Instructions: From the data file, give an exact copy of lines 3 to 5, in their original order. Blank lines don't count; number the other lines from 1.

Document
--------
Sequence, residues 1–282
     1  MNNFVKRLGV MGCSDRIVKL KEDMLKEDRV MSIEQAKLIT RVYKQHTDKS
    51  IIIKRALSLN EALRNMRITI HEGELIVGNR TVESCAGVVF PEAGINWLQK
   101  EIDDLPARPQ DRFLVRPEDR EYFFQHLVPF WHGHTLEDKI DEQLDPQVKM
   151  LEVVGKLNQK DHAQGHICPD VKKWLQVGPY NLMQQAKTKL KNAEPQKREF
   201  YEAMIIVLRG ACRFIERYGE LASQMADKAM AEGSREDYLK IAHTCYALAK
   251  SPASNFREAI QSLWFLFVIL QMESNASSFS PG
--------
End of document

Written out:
    51  IIIKRALSLN EALRNMRITI HEGELIVGNR TVESCAGVVF PEAGINWLQK
   101  EIDDLPARPQ DRFLVRPEDR EYFFQHLVPF WHGHTLEDKI DEQLDPQVKM
   151  LEVVGKLNQK DHAQGHICPD VKKWLQVGPY NLMQQAKTKL KNAEPQKREF